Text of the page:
According to our travel health book fever in the tropics should always be taken seriously. If living in a malarious area consider fever to be malaria until proven otherwise, it reads.  You have to get to the doctor preferably within 8 hours of getting a fever, it goes on to warn us.

So, is Kupang a malarious area or not? This was one of our big questions before we got here. According to all medical resources all of east Indonesia is malarious area. Otherwise cities are usually counted to be malaria free, but not Kupang. Most people will say that there is some malaria here, but mostly a less dangerous type (vivax). We had to make a decision whether or not to use anti malaria pills. After a lot of reading on the internet and praying about it we decided not to ( considering all the negative side effects of malaria pills ).  Instead we decided to make sure we didn’t get any mosquito bites.  This is of course quite impossible. By installing air conditioners in the house and sealing all gaps between windows and doors we have been able to make the house mosquito free. The children are sprayed with mosquito repellent before they go to school and before they go out to play in the afternoons. But they still get bitten. We have even tried eating B vitamin pills. Medically it is just a myth that this works against mosquito bites, but after having used them for some months they actually seem to work at least a bit…

mars 2013 003A bigger problem than malaria is dengue fever. We are at the height of the dengue fever season now, being at the end of the wet season. One of our neighbours had dengue fever a few weeks ago and was in hospital for a week. The day she came home somebody came and sprayed the whole area for mosquitoes. This is a free offer from the government in trying to minimize the problem.

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So after having been here for over 9 months we have had our first high fevers.We had had some quite rough weeks leading up to this where we were not able to sleep very well. Mostly because of a lot of very heavy rain in the nights, and also quite a lot of power cuts. (A few weeks ago we had 8 power cuts in a period of 24 hours, the longest one lasting 3 hours. Then last week we had a power cut in the evening/night that lasted for 6 and a half hours. This in addition to all the shorter “normal” daily power cuts).  In addition the kitchen exploded with mould. Wether it was the lack of sleep or the mould or just some virus, we don’t know, but the result was that we all got unwell. Aches, colds, head-aches, coughs…….and fevers…..So we chose to play safe and had our first encounters with the health care system in Kupang.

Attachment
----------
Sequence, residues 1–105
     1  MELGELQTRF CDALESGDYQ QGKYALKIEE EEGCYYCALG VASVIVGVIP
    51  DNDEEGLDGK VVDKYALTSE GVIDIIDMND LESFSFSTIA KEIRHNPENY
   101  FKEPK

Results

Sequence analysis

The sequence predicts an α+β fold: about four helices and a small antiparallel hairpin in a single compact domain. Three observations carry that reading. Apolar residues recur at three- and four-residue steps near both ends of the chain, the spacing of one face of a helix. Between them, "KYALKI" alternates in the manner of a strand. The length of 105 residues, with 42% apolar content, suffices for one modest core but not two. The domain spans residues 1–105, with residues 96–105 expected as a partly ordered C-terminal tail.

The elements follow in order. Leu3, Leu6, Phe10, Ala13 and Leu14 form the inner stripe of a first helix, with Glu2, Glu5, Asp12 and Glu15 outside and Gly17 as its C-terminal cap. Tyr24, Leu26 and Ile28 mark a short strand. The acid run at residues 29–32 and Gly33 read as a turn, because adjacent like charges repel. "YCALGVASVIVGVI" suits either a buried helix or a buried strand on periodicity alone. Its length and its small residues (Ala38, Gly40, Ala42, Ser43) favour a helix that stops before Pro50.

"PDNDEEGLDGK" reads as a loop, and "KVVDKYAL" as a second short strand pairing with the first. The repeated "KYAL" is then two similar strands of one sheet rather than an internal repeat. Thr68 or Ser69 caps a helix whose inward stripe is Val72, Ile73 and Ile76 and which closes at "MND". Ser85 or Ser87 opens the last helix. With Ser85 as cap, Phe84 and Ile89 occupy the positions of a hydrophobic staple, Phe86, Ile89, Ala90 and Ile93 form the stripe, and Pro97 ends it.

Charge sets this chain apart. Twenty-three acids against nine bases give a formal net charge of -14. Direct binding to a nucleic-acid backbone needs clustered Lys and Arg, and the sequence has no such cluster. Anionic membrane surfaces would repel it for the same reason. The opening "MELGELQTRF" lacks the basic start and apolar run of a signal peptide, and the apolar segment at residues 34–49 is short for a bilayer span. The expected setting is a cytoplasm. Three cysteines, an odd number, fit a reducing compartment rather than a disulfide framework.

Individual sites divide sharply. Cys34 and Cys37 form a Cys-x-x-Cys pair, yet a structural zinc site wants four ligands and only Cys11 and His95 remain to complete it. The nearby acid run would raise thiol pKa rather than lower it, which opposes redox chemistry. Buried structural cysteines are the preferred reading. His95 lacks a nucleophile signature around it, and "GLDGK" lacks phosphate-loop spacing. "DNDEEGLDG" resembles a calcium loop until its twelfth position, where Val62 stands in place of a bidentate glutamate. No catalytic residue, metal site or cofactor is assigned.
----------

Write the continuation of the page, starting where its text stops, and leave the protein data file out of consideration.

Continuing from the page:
What we had heard about hospitals here was not that great. The more well off people here will go to Jakarta or some other bigger city in Indonesia when for example giving birth. The facilities in Kupang are not good enough. Luckily we have a small but nice, new and clean hospital just a short walk away from our house. This is actually a maternity hospital, but they also take other patients. We had to go there two days in a row with two different family members. The conclusion was that it was nothing serious. Monica was quite happy to check out their very small and very basic lab.

On the way home we even met a British woman whom we have spoken to a couple of times in the hypermarket. She actually lives 5 min walk from here, and we never knew. She came to visit us with her little baby daughter a couple of days later, which was also very nice 🙂 She actually told us that she has had malaria three times and dengue fever once. It’s very useful for us to hear about other foreigners experiences.

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BEING DIFFERENT